Jon Sobrino

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Jon Sobrino, S.J.
Born December 27, 1938
Barcelona, Spain
Residence El Salvador
Fields philosophy, theology
Institutions University of Central America (UCA)
Alma mater Hochschule Sankt Georgen, Frankfurt, Doctorate in Theology (1975);
St. Louis University, Masters in Engineering Mechanics (1965)
Known for Writings on Liberation Theology
Influences Ignacio Ellacuria, Karl Rahner

Jon Sobrino, S.J. (born 27 December 1938, Barcelona, Spain) is a Jesuit Catholic priest and theologian, known mostly for his contributions to liberation theology.

He received worldwide attention in 2007 when the Vatican's Congregation for the Doctrine of the Faith issued a Notification for what they see as doctrines which are "erroneous or dangerous and may cause harm to the faithful."

Life[edit]

Society of Jesus

History of the Jesuits
Regimini militantis
Suppression

Jesuit Hierarchy
Superior General
Adolfo Nicolás

Ignatian Spirituality
Spiritual Exercises
Ad majorem Dei gloriam
Magis

Notable Jesuits
St. Ignatius of Loyola
St. Francis Xavier
St. Peter Faber
St. Aloysius Gonzaga
St. Robert Bellarmine
St. Peter Canisius
St. Edmund Campion
Pope Francis

Born into a Basque family in Barcelona, Sobrino entered the Jesuit Order when he was 18. The following year, in 1958, he was sent to El Salvador. He later studied engineering at St. Louis University, a Jesuit University, in the United States and then theology at Sankt Georgen Graduate School of Philosophy and Theologyin Frankfurt in West Germany. Returning to El Salvador, he taught at the Jesuit-run University of Central America (UCA) in San Salvador, which he helped to found.

On November 16, 1989 he narrowly escaped the murder of the UCA scholars by the Atlacatl Battalion, an elite unit of the Salvadoran Army. By a coincidence, he was away from El Salvador when members of the military broke into the rectory at the UCA and brutally murdered his six fellow Jesuits, Ignacio Ellacuria, Segundo Montes, Juan Ramón Moreno, Ignacio Martin Baro, Amando López, and Joaquín López y López, and their housekeeper Elba Ramos and her 15-year old daughter Celina Ramos. The Jesuits were targeted for their outspoken work to bring about resolution to the brutal El Salvador Civil War that left about 75,000 men, women, and children dead, in the great majority civilians.

Investigated by the Vatican throughout his career as a professor of theology, he has remained an outspoken proponent of peace, joining protests in 2008 of the continued training of Latin American military officers in torture techniques at the School of the Americas at Fort Benning, GA.[1]

Works[edit]

Sobrino's main works are Jesus the Liberator (1991) and its sequel, Christ the Liberator (1999), along with Christology at the Crossroads (1978), The True Church and the Poor (1984), Spirituality of Liberation (1990), The Principle of Mercy: Taking the Crucified People from the Cross (Orbis, 1994), No Salvation Outside the Poor: Prophetic-Utopian Essays (Orbis, 2008). See also Stephen J. Pope (ed), Hope and Solidarity: Jon Sobrino's Challenge to Christian Theology (Orbis, 2008)

Vatican notification[edit]

Because of the theological positions he took in his works, Sobrino was the subject of a theological Notification; a critique statement and an admonishment by the Vatican and the Congregation for the Doctrine of the Faith in March 2007.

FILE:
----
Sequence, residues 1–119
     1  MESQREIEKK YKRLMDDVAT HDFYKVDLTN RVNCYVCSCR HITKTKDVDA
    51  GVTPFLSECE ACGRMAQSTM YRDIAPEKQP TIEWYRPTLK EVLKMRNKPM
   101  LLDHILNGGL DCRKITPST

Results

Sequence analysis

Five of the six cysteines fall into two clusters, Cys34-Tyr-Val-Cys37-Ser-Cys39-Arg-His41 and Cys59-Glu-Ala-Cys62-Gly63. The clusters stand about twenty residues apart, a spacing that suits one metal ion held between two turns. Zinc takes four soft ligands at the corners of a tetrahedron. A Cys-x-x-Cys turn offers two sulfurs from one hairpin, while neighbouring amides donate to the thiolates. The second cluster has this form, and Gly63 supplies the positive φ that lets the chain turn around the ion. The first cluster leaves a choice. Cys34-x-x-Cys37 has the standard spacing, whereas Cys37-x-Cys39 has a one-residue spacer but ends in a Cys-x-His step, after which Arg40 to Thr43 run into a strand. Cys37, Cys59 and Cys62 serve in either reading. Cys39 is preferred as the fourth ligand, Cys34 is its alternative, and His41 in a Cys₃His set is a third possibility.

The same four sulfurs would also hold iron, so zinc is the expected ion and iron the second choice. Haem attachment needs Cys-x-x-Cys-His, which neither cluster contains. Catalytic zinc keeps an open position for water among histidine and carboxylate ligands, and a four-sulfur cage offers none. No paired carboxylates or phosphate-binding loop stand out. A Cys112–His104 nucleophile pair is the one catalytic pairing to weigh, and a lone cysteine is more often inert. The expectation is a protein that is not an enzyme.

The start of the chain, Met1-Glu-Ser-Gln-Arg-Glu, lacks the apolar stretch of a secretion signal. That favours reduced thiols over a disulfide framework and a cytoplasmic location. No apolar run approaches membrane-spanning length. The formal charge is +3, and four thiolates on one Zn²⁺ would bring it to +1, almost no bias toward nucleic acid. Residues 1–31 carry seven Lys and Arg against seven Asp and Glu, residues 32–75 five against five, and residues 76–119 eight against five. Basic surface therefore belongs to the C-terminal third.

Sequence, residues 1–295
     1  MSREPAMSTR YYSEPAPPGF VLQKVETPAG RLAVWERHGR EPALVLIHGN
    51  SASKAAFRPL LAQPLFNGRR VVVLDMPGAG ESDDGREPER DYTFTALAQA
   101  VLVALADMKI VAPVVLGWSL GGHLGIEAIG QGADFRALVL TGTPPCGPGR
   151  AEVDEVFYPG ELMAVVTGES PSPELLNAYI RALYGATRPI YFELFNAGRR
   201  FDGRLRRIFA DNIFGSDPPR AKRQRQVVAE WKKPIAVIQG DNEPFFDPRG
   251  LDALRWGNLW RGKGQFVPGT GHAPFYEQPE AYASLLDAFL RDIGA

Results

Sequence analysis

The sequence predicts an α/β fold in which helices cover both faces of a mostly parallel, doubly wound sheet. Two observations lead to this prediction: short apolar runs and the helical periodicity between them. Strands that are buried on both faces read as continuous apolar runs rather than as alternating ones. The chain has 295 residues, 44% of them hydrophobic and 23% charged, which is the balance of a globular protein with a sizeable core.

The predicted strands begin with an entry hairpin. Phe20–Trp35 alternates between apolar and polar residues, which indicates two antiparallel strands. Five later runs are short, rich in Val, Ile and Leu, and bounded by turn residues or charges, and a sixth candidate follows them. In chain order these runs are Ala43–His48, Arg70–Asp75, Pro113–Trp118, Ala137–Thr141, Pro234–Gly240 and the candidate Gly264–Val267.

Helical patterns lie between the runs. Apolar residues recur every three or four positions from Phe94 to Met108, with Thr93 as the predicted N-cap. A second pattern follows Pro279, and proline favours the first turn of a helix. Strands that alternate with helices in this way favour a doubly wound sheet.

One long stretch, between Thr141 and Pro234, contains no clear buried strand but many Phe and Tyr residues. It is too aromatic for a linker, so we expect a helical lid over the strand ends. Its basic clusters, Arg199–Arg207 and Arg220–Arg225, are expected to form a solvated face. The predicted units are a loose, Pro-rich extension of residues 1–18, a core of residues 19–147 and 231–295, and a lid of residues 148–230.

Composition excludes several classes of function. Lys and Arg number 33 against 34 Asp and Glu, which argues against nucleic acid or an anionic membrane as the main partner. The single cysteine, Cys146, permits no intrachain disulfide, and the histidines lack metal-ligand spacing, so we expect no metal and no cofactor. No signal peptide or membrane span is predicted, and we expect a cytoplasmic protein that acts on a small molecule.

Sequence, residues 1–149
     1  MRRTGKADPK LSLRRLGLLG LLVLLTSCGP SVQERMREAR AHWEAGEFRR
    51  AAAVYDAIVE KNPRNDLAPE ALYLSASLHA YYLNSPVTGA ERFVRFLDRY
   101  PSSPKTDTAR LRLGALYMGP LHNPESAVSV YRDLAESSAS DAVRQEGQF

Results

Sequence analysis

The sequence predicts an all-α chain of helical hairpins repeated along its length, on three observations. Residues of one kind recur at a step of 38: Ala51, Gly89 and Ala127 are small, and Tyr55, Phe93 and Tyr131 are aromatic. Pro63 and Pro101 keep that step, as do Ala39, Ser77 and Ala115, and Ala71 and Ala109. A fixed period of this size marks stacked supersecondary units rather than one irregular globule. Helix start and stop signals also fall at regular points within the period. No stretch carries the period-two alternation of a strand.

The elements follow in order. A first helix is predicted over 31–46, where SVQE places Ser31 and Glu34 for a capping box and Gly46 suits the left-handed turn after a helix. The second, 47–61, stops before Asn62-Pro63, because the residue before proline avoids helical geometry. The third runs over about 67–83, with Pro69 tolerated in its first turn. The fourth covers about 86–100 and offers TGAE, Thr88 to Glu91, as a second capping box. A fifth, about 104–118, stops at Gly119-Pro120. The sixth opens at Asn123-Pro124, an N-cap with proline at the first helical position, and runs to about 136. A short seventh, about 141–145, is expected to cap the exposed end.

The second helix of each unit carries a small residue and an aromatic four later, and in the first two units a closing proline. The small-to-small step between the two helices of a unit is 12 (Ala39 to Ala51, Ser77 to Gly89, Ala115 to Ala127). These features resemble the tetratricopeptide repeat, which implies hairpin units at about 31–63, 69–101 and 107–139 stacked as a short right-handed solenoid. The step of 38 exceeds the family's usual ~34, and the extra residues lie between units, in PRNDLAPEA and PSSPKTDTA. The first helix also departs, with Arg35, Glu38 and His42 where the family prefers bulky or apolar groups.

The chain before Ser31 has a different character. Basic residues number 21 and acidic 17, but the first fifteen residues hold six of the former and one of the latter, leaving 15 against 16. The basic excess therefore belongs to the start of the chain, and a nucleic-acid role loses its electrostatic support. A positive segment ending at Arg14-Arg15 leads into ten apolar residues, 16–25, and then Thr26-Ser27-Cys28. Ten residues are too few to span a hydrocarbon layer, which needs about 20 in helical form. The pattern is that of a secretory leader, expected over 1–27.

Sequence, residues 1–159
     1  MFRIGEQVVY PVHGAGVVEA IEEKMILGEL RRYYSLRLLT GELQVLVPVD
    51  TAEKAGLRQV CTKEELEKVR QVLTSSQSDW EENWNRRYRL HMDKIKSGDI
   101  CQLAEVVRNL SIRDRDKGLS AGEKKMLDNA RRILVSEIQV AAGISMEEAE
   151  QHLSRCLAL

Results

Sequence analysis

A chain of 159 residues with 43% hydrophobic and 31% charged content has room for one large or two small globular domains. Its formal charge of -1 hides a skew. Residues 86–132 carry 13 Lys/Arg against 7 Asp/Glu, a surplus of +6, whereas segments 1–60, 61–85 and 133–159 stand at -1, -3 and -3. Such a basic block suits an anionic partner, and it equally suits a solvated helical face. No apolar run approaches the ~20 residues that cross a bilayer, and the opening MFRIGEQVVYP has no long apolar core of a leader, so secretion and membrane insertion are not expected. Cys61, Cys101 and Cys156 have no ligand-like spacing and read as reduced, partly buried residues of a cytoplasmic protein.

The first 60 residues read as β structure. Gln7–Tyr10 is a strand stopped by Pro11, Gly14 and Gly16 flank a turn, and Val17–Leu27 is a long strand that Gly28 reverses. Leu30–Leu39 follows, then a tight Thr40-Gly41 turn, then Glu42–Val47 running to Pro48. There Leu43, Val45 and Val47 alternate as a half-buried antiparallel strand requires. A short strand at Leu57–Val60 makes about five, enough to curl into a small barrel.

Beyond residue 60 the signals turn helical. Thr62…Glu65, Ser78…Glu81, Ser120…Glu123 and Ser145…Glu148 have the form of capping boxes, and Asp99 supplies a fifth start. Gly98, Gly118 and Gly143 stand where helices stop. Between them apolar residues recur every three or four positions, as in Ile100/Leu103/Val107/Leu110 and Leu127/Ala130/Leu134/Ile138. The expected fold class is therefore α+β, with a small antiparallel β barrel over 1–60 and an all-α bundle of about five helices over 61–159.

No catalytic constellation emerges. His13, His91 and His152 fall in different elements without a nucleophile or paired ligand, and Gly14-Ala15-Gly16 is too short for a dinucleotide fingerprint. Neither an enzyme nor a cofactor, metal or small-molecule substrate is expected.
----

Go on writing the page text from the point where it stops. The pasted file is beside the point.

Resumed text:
The Congregation declared that Sobrino placed too great an emphasis on the human nature of Jesus Christ, downplaying Christ's divine nature, and that his "works contain propositions which are either erroneous or dangerous and may cause harm to the faithful."

While certain of his teachings were declared false, the Congregation did not condemn or censure him, or prohibit him from teaching or lecturing. However, Federico Lombardi at the Vatican Press Office hinted at the possibility that his bishop or superior in the Jesuit order might choose to take action.[2]

The Congregation emphasized in the notification that it was issued as part of its service "to the people of God, and particularly to the simple and poorest members of the Church." They emphasized the people's "right to know the truth...about Christ," and therefore their corresponding duty to intervene. The notification was premised on Benedict XVI's teaching that "the first poverty among people is not to know Christ."

According to the Notification, Father Sobrino's erroneous propositions concerned: "1) the methodological presuppositions on which the Author bases his theological reflection, 2) the Divinity of Jesus Christ, 3) the Incarnation of the Son of God, 4) the relationship between Jesus Christ and the Kingdom of God, 5) the Self-consciousness of Jesus, and 6) the salvific value of his Death."[3]

At the root of what the Vatican saw as Sobrino's error is his affirmation that "the 'Church of the poor' is the ecclesial 'setting' of Christology and offers it its fundamental orientation." However, the Vatican believes that "only the apostolic faith which the Church has transmitted through all generations that constitutes the ecclesial setting of Christology and of theology in general."

Contrary to criticisms that the Vatican acted without due consultation and unfairly, the Vatican says that a Notification is made after notifying the author of the statements that are seen to be problematic and after awaiting a reply from the author who is given 3 months whereby to respond.[4]

Notes[edit]

  1. ^ John Dear, S.J. "With Jon Sobrino at the SOA protest". NCROnline. Retrieved Nov 25, 2008. 
  2. ^ Vatican criticizes Jesuit liberation theologian, issues no sanctions Catholic News Service, 15 March 2007
  3. ^ The Congregation for the Doctrine of the Faith. "Nota explicativa alla notificazione sulle opere di P. Jon Sobrino, S.I.". www.vatican.va. Retrieved March 14, 2007. 
  4. ^ Holy See - Vatican City State

External links[edit]